You better turn off that reassuring GPS voice, for it may be dumbing down a region of your brain, says a new study.
Veronique Bohbot and colleagues at McGill Univeristy have shown that avid GPS users have a higher risk of suffering from memory and spatial orientation problems, reports Discovery News.
The research focused on how humans navigate.
One, deemed spatial navigation strategy, has people relying on landmarks to build cognitive maps. For example, lost people stay keenly aware of unique buildings or how long ago it's been since they left a place in order to figure out their way-without the help of physical maps or GPS.
The second navigation method is a stimulus-response strategy.
Subscribers to this method use a form of auto-pilot mode, turning at certain places because of repetition. For example, people who drive home from work daily along the same route automatically take specific freeway exits or make turns that they've made over and over in the past. This form of navigation is akin to using a GPS device.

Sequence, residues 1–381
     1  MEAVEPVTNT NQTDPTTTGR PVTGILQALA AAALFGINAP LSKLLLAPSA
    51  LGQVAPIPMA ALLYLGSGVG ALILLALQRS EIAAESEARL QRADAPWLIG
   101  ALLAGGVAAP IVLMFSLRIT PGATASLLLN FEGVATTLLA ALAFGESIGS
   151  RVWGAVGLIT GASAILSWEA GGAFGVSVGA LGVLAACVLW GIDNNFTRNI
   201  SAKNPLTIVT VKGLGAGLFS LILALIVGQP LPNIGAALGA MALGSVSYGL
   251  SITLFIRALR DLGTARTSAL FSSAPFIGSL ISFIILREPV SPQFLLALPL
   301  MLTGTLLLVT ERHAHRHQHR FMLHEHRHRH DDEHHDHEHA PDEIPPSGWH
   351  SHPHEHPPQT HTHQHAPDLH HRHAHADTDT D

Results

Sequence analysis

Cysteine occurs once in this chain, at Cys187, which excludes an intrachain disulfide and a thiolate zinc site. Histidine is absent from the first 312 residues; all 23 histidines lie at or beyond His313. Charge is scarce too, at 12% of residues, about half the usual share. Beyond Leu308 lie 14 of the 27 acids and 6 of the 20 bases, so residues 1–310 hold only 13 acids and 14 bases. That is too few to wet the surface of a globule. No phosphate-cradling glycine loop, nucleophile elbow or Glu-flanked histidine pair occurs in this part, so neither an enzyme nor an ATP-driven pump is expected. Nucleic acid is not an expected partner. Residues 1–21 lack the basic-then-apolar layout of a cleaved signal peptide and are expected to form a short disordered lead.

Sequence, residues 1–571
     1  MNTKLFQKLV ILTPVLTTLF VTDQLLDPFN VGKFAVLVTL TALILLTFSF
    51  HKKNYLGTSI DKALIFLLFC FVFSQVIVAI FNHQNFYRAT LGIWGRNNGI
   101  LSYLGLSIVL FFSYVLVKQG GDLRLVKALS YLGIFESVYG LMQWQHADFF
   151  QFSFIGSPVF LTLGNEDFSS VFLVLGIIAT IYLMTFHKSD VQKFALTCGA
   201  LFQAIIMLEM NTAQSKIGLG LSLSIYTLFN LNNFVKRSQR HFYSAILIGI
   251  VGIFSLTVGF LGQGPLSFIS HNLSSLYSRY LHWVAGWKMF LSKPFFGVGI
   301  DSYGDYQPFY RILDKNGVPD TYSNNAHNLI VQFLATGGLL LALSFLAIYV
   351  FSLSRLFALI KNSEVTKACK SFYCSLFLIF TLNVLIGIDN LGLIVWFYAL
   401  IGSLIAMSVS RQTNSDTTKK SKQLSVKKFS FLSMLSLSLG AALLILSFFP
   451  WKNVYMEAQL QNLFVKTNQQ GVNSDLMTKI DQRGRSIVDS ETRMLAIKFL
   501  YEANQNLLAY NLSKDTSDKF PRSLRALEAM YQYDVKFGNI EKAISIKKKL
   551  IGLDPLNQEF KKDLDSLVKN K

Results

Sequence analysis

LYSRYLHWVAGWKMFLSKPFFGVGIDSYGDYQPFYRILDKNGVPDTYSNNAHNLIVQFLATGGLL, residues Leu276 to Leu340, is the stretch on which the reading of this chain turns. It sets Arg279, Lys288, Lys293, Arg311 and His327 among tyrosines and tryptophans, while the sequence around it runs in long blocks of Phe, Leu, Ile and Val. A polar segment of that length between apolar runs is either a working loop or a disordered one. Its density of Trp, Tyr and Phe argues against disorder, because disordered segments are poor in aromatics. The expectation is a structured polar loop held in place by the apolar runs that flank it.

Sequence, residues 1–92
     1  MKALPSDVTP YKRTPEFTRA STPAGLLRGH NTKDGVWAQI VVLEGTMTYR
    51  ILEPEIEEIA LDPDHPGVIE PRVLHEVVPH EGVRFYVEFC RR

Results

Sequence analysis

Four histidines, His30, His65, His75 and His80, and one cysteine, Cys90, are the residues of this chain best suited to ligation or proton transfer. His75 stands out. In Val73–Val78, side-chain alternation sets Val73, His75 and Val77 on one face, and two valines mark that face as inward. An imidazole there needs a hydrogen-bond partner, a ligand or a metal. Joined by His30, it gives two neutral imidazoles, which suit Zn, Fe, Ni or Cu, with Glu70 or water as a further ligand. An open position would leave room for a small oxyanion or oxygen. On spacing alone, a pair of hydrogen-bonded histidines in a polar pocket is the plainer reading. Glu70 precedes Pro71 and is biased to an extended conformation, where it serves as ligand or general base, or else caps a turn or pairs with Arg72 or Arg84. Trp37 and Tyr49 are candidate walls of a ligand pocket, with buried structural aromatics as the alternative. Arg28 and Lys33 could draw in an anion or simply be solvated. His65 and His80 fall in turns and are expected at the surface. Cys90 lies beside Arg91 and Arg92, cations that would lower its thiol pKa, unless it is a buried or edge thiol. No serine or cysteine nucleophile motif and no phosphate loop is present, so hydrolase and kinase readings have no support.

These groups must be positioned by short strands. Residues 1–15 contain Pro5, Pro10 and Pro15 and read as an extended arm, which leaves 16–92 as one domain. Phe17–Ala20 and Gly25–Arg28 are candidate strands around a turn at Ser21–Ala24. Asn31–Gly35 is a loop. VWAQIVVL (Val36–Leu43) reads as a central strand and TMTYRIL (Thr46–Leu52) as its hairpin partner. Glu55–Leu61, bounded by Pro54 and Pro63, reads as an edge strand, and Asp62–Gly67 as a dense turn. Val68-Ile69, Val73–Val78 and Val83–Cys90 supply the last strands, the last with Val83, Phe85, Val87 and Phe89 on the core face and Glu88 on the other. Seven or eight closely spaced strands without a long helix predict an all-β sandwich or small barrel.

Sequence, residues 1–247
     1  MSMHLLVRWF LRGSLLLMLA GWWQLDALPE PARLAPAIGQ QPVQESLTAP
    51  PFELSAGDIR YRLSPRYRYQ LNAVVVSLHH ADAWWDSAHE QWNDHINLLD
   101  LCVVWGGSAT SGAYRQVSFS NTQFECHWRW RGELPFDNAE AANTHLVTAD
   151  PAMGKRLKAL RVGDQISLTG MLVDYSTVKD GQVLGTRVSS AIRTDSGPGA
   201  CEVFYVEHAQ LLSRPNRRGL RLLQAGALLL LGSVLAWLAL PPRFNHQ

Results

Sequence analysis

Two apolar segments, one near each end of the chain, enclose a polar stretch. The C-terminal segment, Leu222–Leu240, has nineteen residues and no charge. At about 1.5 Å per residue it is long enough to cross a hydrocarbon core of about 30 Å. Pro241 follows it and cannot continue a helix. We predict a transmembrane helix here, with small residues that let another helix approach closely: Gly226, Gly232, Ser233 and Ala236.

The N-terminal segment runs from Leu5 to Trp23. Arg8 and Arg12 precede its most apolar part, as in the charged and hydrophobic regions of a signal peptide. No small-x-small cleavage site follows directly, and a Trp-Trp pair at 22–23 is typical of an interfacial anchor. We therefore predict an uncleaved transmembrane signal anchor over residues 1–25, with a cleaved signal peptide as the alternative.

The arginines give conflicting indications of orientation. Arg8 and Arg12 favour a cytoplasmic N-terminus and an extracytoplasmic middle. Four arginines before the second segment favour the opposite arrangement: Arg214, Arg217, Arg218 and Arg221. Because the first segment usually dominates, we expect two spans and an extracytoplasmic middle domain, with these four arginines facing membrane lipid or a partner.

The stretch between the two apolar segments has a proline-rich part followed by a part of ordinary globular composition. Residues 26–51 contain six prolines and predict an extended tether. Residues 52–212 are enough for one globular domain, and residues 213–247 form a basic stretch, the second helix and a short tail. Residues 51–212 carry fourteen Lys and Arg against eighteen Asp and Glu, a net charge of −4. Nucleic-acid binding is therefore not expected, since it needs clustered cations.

The study found that younger respondents relied more on the spatial navigation technique to find their way around a virtual maze. Older participants favoured the GPS-like stimulus-response method.
Researchers used fMRI, or functional magnetic resonance imaging, to scan the brains of people who navigated streets using one of the methods described.
Those who used spatial navigation strategy-the non-GPS method-had increased activity in a part of the brain responsible for memory and navigation called the hippocampus.
The study indicated that who used GPS-like stimulus-response could be at risk for showing atrophy of the hippocampus over time.
Memory loss, including that from Alzheimer's disease, affects the hippocampus first.
The findings were presented at the Society for Neuroscience's annual meeting.